Going to Vicenza was a bit of an afterthought. We first thought of going from Verona, by train, for the day – after all, its historical centre is not very big. But we choose to head for Venice instead. But now we have an extra day in Padua, and from here Vicenza is also very close, by train – as long as you get to the station in time, of course.

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outside Padua (2)

08. another day outside Padua: Along the Brenta Canal, outside Padua, there are several fabulous villas, built in the 16th to 18th Century. We only had time to visit one, the extravagant Villa Pisani.
Having admired some of the extravagant villas in Vicenze, we have to attend to some unfinished business outside Padua, as well. On our way in, driving from Venice, we already had noticed some fabulous houses along the road, the so-called R11, so we decide to explore this stretch of road with a little more time at hand.

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09. Ravenna: It was raining in Ravenna, but that didn’t affect the main attractions in town, an incredible collection of UNESCO World Heritage protected mosaics in several chapels and churches.

I wonder why it is that almost everywhere in Northern Italy they have churches and museums with medieval paintings, except in Ravenna? And why is it that in Ravenna, unlike everywhere else in Italy, they have mosaics? Perhaps this is because Ravenna is steeped in Roman and Byzantine history of the 5th to 8th century, older than most other Northern Italian cities. The time that mosaics were the decorative artform of churches, preceding the frescoes of Medieval times.

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San Marino

10. San Marino: There is little to do in San Marino, except that we can now say that we have been to another independent country.

Technically speaking, San Marino does not belong in an Italy blog, of course. The independent Republic of San Marino should really be treated as a country on its own. With 62 km2 and a little over 30,000 inhabitants, it is the oldest still existing republic in the world, with the oldest still existing constitution of the world. But for all intents and purposes, for the traveller cum tourist San Marino is just another part of Italy. You don’t cross a border, you don’t change currency, you don’t adopt another language. It is just that fuel, alcohol and cigarettes are a little cheaper, and there are, curiously, an inordinate number of banks. So that defines the business model of this country, too; successful, as San Marino is one of the richest countries in the world, in terms of BBP.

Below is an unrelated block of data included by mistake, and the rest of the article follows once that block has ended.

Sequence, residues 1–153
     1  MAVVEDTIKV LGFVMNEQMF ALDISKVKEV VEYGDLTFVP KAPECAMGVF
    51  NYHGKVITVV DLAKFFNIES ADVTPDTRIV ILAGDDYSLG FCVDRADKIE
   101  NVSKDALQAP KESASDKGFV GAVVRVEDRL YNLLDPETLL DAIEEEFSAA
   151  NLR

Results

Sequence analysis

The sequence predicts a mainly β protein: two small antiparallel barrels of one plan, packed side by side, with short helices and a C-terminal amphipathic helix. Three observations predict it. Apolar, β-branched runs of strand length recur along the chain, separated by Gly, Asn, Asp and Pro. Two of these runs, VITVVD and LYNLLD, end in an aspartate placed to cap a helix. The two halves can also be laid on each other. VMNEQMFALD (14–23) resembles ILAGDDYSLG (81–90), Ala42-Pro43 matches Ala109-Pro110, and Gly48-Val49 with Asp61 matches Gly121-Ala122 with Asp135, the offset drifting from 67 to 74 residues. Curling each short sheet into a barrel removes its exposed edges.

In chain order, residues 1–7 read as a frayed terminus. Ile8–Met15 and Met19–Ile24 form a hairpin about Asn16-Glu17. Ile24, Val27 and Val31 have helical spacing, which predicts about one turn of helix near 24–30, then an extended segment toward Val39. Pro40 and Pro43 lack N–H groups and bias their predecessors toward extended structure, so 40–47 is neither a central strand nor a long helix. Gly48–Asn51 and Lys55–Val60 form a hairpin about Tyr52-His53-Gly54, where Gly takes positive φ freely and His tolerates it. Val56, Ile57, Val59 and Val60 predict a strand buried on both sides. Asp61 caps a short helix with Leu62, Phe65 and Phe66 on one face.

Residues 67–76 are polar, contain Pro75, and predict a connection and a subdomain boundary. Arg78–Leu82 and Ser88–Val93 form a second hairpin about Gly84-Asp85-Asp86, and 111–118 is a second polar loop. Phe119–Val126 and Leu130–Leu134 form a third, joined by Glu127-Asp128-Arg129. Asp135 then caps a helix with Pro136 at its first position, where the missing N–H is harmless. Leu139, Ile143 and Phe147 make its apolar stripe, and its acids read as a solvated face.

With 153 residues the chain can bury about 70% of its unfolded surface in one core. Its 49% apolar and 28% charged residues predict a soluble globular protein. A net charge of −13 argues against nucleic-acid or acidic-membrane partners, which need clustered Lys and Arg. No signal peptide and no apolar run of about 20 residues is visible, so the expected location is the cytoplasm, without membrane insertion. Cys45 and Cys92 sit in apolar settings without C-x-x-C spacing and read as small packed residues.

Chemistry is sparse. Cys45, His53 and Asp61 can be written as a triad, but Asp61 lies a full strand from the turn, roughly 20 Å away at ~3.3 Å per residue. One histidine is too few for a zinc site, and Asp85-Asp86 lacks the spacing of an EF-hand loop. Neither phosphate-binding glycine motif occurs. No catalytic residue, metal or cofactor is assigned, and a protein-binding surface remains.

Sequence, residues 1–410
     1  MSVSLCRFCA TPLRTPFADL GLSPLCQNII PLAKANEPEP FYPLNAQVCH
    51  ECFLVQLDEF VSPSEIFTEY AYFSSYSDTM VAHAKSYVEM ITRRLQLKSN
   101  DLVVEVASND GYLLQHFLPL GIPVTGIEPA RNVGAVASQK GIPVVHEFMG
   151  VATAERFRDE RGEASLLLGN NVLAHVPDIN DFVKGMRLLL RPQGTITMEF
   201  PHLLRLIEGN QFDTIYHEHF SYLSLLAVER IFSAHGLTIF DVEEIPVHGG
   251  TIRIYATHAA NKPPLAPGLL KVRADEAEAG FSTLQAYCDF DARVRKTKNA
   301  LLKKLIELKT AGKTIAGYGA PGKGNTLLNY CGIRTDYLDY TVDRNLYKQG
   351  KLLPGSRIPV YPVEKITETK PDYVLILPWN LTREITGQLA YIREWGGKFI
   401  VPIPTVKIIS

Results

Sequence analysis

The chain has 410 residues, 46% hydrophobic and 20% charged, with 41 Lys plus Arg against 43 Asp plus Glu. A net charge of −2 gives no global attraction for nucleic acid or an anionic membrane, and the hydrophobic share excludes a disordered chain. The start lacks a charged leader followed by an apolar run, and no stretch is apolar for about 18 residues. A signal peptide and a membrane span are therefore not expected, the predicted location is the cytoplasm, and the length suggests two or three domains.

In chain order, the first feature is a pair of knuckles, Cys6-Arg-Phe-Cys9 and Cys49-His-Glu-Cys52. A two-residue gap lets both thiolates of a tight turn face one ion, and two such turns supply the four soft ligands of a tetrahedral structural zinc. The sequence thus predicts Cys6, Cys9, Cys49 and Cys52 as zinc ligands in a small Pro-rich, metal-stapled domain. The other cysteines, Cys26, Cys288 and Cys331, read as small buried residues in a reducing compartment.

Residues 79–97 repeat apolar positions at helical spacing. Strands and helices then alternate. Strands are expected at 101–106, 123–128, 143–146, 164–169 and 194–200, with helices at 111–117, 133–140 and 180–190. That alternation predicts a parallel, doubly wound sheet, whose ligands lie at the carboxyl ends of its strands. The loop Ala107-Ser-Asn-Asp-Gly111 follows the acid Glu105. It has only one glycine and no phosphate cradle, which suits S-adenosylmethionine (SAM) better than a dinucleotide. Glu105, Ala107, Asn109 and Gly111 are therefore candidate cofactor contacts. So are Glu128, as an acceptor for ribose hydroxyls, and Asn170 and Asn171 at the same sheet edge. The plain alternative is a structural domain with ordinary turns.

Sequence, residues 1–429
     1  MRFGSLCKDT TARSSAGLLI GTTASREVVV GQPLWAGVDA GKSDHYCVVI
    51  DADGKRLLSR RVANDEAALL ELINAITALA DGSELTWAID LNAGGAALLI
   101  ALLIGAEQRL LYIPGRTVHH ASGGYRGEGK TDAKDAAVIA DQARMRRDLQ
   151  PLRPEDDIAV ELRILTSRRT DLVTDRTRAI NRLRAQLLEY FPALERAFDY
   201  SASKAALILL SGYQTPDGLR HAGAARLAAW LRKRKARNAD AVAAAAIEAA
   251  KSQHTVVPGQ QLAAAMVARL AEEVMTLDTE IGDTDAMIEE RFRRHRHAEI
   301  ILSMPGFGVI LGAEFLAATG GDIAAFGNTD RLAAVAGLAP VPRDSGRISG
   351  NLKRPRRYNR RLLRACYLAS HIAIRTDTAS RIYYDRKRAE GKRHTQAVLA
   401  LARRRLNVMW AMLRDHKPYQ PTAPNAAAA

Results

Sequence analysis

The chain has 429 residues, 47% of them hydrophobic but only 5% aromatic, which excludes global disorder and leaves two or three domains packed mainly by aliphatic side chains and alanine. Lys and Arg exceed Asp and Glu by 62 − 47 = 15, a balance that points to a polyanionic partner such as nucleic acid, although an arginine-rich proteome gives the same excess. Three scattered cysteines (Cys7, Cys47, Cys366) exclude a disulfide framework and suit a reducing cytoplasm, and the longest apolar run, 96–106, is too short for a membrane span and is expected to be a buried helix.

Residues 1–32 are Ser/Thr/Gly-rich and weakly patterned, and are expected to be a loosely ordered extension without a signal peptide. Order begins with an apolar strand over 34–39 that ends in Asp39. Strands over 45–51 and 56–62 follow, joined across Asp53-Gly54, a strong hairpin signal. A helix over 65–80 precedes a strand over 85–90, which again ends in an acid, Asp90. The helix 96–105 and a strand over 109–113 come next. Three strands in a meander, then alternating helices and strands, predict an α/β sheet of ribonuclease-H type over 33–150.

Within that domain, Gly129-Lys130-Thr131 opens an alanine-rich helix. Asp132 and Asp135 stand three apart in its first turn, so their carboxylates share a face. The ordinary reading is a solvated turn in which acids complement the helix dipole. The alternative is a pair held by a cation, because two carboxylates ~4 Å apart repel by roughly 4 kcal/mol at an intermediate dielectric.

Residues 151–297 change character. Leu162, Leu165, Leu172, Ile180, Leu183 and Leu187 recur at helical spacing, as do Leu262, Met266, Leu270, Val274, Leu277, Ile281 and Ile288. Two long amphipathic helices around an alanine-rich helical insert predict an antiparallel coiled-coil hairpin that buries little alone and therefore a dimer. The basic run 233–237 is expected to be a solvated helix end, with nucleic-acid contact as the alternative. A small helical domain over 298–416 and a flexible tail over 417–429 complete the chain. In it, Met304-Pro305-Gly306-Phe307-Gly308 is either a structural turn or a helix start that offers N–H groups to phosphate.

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11. Florence: Florence – or Firenze in Italian – has all the art treasures and historical architecture you expect from this major tourist city. But it lacks a bit of atmosphere.

The second major target of this trip, after Venice, is Florence – or Firenze, in Italian. Another of those Italian cities with an overdose of historical buildings and incomparable museums, usually accompanied by an overdose of tourists, too. But most of those, we anticipated, would have stayed at home in Corona times. Which was correct, although we do see a few Chinese, and also the occasional tourist group with an umbrella-wielding tour guide in front, something so far conspicuously absent from our trip.

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12. Tuscany: The last few days of our Italy journey we spend exploring the Tuscany region, away from the big towns. Inescapably, that exploration includes wine, as well.

We could continue our art journey for weeks more, with the towns of Pisa and Siena only an hour, or so, away from Florence. But there is a limit to touristic cities, souvenir and leather shops, must-see museums and frescoed churches we can handle. So we decide to focus the last few days of our trip on Tuscany, the rural area, away from the tourist infrastructure.

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looking back on Italy

13. looking back on Italy: Usually the last entry of the blog is a short, or sometimes longer, looking back on the trip, with a personal note often accompanied by some smart-ass observation. So what can I say about almost four weeks Northern Italy?